Costa Rica expects to sell 16 million tonnes of carbon credits over eight years on its new carbon exchange, Latin America's first, a venue that allows polluters to offset their emissions with permits they can buy.
Launched last month, the exchange provides a forum for tradable certificates that confer the right to emit one tonne of carbon dioxide.
The approach attaches a cost to pollutants and seeks to reduce greenhouse gases in the atmosphere.
"It will be a common base to fight climate change and help the country reach its goal of carbon neutrality," Environment and Energy Minister Rene Castro told Reuters.
The Central American country aims to reach net zero carbon emissions by 2021.
The new BANCO2 market verifies and regulates the sale of Costa Rican Carbon Units, or UCCs, but the exchange faces the challenge of saturated international carbon markets and low prices for the credits.
Besides the UCCs, traders can also purchase the so-called Certified Emissions Reductions issued by the U.N.'s Clean Development Mechanism (CDM), the original carbon market created by the Kyoto Protocol. The CDM allows developed nations to purchase carbon offsets by investing in pollution-reducing projects in poorer countries.
Earlier this month, Costa Rica's Forest Financing Fund issued the first 1.2 million tonnes worth of carbon offsets at $US5 per tonne.
By 2021, the fund aims to generate 16 million tonnes worth of credits from a range of pollution-reducing projects that can be sold to buyers seeking too offset their emissions, according to the environment and energy ministry.
Prices for carbon credits reached an all-time high in July 2008 at 36.43 euros ($US50.17) per tonne under the European Union's carbon market, the world's biggest.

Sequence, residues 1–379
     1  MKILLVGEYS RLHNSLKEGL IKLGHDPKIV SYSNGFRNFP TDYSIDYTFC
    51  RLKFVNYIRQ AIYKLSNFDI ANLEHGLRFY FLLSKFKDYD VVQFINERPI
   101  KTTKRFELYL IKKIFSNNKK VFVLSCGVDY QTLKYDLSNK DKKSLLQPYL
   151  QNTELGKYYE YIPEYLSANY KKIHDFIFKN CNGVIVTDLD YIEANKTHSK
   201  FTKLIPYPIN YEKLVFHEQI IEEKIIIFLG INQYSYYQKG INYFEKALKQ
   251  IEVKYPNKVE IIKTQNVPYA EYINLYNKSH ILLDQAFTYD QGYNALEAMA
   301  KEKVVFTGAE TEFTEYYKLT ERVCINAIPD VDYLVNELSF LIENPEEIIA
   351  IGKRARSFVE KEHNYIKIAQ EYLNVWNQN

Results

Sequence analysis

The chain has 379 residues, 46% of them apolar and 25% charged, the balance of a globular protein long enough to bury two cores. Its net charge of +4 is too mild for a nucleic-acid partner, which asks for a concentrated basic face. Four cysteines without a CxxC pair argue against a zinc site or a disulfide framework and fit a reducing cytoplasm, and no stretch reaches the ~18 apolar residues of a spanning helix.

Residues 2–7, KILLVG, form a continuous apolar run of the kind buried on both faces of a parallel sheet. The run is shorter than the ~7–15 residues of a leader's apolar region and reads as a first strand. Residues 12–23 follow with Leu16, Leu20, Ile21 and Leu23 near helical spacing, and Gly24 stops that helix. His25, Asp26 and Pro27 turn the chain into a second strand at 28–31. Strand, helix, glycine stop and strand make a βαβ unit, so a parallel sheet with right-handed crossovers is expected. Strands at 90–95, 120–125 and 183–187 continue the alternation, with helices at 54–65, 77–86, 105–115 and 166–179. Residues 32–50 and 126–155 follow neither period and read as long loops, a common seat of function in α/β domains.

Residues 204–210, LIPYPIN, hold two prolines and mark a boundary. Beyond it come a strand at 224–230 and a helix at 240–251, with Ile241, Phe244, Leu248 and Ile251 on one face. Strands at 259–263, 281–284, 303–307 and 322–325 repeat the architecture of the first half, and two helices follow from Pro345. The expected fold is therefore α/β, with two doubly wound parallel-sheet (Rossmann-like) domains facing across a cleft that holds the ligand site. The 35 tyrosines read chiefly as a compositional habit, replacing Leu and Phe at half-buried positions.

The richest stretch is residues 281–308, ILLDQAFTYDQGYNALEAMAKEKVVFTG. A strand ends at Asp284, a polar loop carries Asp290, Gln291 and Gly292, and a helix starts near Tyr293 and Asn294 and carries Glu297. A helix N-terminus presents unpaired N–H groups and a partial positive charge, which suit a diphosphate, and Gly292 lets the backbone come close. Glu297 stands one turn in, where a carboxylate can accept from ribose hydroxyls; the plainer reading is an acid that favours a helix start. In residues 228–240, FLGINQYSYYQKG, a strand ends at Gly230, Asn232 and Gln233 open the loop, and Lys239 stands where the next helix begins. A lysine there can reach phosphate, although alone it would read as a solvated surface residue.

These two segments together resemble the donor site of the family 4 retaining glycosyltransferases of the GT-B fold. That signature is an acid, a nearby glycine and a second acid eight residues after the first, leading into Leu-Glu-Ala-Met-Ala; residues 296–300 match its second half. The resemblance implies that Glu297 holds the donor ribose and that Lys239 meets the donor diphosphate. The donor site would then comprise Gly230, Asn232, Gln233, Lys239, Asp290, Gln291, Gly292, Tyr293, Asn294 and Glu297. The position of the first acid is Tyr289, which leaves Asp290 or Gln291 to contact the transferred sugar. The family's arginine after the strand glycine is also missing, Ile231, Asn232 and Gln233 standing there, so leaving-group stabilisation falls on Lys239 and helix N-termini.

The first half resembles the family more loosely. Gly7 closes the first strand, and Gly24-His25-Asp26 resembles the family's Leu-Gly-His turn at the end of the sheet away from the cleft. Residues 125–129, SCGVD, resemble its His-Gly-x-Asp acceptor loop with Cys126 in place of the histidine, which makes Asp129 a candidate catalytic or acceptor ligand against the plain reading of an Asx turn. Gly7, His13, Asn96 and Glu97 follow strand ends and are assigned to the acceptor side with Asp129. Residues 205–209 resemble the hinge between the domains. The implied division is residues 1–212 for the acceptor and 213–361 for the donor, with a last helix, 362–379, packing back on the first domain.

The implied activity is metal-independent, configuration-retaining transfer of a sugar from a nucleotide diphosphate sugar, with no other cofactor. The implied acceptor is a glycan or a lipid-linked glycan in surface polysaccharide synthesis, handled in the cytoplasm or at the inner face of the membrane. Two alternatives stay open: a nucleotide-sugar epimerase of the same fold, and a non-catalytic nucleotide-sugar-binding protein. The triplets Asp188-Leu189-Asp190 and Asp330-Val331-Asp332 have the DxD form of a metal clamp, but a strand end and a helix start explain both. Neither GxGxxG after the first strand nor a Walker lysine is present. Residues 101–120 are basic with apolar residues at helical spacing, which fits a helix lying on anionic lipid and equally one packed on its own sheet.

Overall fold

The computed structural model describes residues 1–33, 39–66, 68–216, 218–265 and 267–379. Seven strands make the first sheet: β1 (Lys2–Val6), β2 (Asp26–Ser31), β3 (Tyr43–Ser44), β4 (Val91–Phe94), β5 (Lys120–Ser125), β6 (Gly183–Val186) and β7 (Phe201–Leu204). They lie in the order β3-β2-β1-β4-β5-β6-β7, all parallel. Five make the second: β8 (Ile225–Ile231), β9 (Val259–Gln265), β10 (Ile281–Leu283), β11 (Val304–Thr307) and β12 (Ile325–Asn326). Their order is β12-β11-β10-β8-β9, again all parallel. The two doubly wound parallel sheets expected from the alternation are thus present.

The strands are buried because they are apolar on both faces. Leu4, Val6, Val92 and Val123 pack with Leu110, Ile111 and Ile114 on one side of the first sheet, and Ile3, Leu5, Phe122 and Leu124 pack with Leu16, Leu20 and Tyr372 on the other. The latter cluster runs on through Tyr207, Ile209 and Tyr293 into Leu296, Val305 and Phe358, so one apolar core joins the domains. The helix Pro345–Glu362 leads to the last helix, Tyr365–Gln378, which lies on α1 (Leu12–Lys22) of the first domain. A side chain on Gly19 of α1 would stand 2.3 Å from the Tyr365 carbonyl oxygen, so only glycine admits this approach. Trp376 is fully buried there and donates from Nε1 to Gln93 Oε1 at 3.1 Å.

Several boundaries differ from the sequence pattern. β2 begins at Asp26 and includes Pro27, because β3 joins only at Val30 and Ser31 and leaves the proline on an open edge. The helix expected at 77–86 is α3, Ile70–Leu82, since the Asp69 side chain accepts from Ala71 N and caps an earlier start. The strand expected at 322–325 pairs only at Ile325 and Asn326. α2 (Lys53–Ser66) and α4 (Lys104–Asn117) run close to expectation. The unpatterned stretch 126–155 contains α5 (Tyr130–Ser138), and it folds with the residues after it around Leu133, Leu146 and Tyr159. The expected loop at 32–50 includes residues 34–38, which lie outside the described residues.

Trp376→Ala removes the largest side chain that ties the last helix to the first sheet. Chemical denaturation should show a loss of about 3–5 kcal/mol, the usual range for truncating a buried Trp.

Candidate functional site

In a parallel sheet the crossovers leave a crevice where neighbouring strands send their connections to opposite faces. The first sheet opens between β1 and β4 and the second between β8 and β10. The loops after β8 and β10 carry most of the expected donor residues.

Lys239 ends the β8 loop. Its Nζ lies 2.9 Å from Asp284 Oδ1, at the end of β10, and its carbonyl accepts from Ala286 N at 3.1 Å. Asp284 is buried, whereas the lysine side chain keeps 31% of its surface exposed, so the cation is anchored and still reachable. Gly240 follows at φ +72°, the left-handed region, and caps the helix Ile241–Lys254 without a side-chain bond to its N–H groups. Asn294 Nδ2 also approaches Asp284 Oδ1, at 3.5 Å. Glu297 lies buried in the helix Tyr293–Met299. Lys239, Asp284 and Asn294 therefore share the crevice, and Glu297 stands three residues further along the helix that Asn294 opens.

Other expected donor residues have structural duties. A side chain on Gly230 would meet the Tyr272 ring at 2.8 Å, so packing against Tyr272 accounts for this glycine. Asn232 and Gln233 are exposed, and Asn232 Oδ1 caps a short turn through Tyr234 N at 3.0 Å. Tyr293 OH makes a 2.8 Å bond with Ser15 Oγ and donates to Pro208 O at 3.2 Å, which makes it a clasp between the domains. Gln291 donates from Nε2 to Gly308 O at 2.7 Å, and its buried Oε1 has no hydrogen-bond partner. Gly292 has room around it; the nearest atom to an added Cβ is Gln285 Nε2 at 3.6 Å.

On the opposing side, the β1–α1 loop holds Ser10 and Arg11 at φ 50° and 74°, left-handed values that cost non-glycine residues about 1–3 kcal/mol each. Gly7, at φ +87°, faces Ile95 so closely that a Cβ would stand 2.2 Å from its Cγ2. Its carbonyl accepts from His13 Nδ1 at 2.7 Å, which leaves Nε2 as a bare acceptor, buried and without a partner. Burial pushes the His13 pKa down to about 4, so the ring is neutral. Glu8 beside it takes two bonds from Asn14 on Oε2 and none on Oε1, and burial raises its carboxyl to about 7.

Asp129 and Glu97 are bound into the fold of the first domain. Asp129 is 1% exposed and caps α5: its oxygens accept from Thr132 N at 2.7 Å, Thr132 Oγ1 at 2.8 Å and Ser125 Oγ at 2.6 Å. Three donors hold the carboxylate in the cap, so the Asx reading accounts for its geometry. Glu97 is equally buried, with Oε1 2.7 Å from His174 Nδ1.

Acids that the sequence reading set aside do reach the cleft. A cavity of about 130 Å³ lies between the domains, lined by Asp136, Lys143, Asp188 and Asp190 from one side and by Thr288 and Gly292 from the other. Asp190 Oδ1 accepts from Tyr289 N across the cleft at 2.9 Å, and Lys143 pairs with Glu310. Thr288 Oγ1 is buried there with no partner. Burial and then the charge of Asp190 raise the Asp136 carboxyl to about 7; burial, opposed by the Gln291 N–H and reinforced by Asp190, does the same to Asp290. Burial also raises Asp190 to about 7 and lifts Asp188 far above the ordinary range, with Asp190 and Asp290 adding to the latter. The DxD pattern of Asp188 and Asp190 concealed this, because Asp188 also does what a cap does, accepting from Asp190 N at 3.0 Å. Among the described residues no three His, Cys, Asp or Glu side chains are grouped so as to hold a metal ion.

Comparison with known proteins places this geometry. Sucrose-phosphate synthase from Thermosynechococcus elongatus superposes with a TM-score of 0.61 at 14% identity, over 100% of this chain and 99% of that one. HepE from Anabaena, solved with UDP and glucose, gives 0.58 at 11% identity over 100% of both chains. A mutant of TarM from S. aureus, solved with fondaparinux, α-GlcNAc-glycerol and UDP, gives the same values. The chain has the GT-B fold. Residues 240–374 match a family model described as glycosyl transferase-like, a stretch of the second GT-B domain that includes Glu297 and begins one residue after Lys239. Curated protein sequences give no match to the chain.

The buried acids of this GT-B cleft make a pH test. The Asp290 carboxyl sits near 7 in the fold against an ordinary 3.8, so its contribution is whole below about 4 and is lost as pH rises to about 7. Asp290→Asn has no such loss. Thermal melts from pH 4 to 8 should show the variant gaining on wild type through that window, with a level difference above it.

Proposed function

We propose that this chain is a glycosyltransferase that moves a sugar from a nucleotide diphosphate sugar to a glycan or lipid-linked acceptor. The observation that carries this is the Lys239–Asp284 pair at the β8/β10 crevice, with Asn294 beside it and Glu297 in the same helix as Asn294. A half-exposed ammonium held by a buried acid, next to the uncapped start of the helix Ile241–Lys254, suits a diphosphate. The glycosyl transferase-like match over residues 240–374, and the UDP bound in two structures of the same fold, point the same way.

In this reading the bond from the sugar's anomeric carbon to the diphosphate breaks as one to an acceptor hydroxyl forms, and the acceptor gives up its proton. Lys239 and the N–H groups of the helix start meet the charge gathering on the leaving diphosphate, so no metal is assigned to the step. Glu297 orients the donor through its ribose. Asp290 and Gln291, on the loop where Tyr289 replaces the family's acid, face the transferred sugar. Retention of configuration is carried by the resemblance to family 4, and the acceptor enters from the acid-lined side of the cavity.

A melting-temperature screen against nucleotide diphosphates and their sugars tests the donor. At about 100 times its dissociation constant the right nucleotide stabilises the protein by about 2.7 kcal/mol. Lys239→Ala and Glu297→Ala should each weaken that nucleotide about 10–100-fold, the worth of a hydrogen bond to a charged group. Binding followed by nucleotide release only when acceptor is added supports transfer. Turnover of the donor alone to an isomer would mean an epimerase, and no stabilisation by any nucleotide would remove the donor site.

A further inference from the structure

But when Europe's industrial production stalled after the 2009 financial crisis, supply quickly dwarfed demand, driving the credits to their lowest level of 2.75 euros ($US3.79) per tonne in April, according to data from Point Carbon.
The new carbon market will also work with Costa Rica's central bank to offer reduced interest rates on energy-efficient cars and home improvements in exchange for signing over the carbon emission offsets to BANCO2.
But global supply of carbon credits exceeds demand for the offsets.
"In the current economic situation, all of the carbon markets are more or less over supplied," said Stig Schjolset, head of EU Carbon Analysis for Thomson Reuters Point Carbon.
Still, Costa Rican subsidiaries of Bridgestone Corp and Toyota Motor Corp have expressed interest in mitigating their carbon footprint with the assistance of BANCO2.
Denmark is also considering buying credits on the nascent exchange, according to a statement from Castro's office.
Still, Schjolset said it could take years before Costa Rica's market takes off.
"Much more ambitious (pollution) targets will have to be put into place post-2020 to create a real demand for reductions both internally and through international offsets," he said.